Software updates that breaks your OS deployment process

From time to time Microsoft releases updates that requires multiple reboots. This would normally not be an issue for a device. But if you are deploying operating systems with ConfigMgr these updates will break your deployment process because the task sequence cannot handle more than a single reboot. To work around that issue you need to exclude a bunch of updates deployed to your OS deployment collections.

All the update should be documented by Microsoft in KB2894518 However, the June 2014 updates also included an update that requires multiple reboots, but it is not yet documented in KB2894518.

Currently the updates that you need to exclude are:

2862330 MS13-081: Description of the security update for 2862330: October 8, 2013

2771431 A servicing stack update is available for Windows 8 and Windows Server 2012

2871777 A servicing stack update is available for Windows RT, Windows 8, and Windows Server 2012: September 2013

2821895 A servicing stack update is available for Windows RT and Windows 8: June 2013

2545698 Text in some core fonts appears blurred in Internet Explorer 9 on a computer that is running Windows Vista, Windows Server 2008, Windows 7, or Windows Server 2008 R2

2529073 Binary files in some USB drivers are not updated after you install Windows 7 SP1 or Windows Server 2008 R2 SP1

2871690 Microsoft security advisory: Update to revoke noncompliant UEFI boot loader modules

2965788 Description of the security update for Remote Desktop Security Release for Windows: June 10, 2014

2984976 This Remote Desktop Protocol (RDP) 8.0 update enables the Remote Desktop Connection client to perform restricted administration logons. It also enables the Remote Desktop Service that is running the RDP 8.0 host to perform restricted administration: October 20, 2014

Posted in Operating System Deployment | Leave a comment

Unable to PXE boot unknown computer after TFTP transfer error

You might have seen screens like this when PXE booting.


It can be quite annoying, especially if it was an unknown computer running from a required task sequence deployment. When this happens you will not be able to PXE boot the computer again, there are to possible scenarios why:

Scenario 1:

Sometimes SCCM creates an Unknown computer object which can be deleted as described in Lars Lohmann Blem’s blog here.

Scenario 2:

At other times the computer object is not created in SCCM and you will not be able to PXE boot it Again, Lars Lohmann Blem also describes the issue on his blog here.

I guess scenario 1 is pretty obvious, delete the Unknown computer object and your computer will PXE boot again.

Scenario 2 is a bit more complicated. I created a small SQL query to list the computers that are unknown but is denied PXE due to the “Last PXE Advertisement” flag.

Run the following query on the SCCM database

select * from LastPXEAdvertisement
left outer join v_R_System
on LastPXEAdvertisement.SMBIOS_GUID = v_R_System.SMBIOS_GUID0

You will probably find your computers BIOS GUID and MAC address in the returned data. If you are up for it, delete the row and you should be able to PXE boot the computer Again.

IMPORTANT: This is probably not supported by Microsoft

To delete a row use the following:

This query will list the row you want to delete, it is always a good idea to verify that it is the correct row before actually deleting it. The query should return the row you want to delete.

select * FROM <SCCM DATABASE NAME>.dbo.LastPXEAdvertisement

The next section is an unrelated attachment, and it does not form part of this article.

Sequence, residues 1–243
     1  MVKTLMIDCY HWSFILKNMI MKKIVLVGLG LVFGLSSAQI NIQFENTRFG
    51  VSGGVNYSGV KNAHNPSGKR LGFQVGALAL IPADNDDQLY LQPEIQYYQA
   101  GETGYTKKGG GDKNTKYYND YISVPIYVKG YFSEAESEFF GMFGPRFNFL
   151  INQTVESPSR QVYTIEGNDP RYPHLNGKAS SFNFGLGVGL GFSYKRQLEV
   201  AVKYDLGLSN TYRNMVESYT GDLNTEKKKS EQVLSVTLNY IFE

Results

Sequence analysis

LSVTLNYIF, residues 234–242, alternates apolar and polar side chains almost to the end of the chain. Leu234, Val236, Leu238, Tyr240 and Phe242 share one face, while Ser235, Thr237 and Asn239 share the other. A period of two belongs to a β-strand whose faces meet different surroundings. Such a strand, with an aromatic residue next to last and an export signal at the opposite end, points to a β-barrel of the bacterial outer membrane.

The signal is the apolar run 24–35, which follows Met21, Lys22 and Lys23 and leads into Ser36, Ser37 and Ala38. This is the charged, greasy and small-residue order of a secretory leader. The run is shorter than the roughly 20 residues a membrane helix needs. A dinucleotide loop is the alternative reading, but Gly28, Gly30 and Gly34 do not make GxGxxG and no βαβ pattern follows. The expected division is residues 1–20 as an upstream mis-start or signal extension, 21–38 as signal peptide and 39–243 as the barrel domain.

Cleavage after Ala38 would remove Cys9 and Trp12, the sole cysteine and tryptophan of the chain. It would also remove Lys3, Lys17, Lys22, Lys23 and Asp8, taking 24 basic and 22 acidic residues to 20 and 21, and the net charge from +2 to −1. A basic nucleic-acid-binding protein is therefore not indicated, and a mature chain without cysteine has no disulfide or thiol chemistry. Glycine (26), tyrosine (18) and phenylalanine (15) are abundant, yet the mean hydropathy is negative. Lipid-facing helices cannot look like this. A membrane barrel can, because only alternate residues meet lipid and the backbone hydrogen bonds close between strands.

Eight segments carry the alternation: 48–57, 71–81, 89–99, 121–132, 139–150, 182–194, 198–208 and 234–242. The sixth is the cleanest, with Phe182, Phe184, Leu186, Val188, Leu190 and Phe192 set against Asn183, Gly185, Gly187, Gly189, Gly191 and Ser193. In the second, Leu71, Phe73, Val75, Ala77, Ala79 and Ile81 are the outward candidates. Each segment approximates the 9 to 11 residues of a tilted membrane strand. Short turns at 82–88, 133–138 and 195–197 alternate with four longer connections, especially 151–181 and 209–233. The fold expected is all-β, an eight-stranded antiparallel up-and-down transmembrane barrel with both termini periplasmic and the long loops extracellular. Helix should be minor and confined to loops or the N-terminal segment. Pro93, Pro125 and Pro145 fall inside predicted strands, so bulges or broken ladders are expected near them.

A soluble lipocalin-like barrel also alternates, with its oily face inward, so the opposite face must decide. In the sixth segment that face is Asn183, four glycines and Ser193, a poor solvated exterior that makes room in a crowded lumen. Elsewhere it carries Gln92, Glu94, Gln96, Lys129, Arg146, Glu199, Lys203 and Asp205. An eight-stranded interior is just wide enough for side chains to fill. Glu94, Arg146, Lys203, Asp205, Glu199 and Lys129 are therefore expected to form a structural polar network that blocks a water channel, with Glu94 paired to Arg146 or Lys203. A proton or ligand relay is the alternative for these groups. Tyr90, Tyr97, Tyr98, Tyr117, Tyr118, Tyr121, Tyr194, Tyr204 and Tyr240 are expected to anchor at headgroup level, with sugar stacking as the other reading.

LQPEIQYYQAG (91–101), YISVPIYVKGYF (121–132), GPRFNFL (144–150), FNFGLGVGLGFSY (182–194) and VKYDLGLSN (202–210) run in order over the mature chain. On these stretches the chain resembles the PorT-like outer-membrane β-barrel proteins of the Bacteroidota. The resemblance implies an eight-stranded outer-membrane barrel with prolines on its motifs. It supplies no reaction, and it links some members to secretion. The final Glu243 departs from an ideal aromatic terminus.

To delete the row use the following


This will verify that the row has been deleted, should return 0 rows

select * FROM <SCCM DATABASE NAME>.dbo.LastPXEAdvertisement




Posted in Operating System Deployment, SCCM 2012 | Leave a comment

Extending the hardware inventory in ConfigMgr 2012

From time to time I need to extend the hardware inventory collected from servers and clients. In this post I’ll try to explain how to configure the hardware inventory to pick up data from a registry key.

I created the following key on a Lab computer for testing purposes.


“What does the sheep say”=”baaaaaaaaaaah”

To create the mof extention I usually use this awesome tool:

The mof ended up looking like this (note: This is not the default output from the tool)

 #pragma namespace ("\\\\.\\root\\cimv2")
#pragma deleteclass("TheSheep", NOFAIL)
Class TheSheep
[key] string Name;
String Value;

Instance of TheSheep
Name="What does the sheep say";
[PropertyContext("Local|HKEY_LOCAL_MACHINE\\SOFTWARE\\TheSheep|What does the sheep say"),Dynamic,Provider("RegPropProv")] Value;

Download the configuration.mof file to a test computer. The file is located in <ConfigMgr install directory>\inboxes\clifiles.src\hinv) on your primary site server, add the mof extension to the bottom of the configuration.mof file.

// Added extensions start


// Added extensions end

Compile the configuration.mof file on your test computer by opening an elevated command prompt and typing:

Mofcomp.exe <Path to configuration.mof>

In the SCCM console go to your client policies and select hardware inventory, then click the Set Classes button.

Click the add button

Connect to the test computer where you just compiled your custom configuration.mof file.
Then select the class you would like to pick up with your hardware inventory. Click ok to save your changes

Go to your test computer with the custom configuration.mof then run the following from the ConfigMgr agent:

  1. Machine policy retrieval and evaluation cycle
  2. Run Hardware inventory cycle

Look in the InventoryAgent.log to see if your new class is beeing picked up by the hardware inventory cycle.

When the inventory process has finished look in the dataldr.log on your primary site server to see if the inventory data was successfully uploaded.

You should now see your custom class in the resource Explorer for your test computer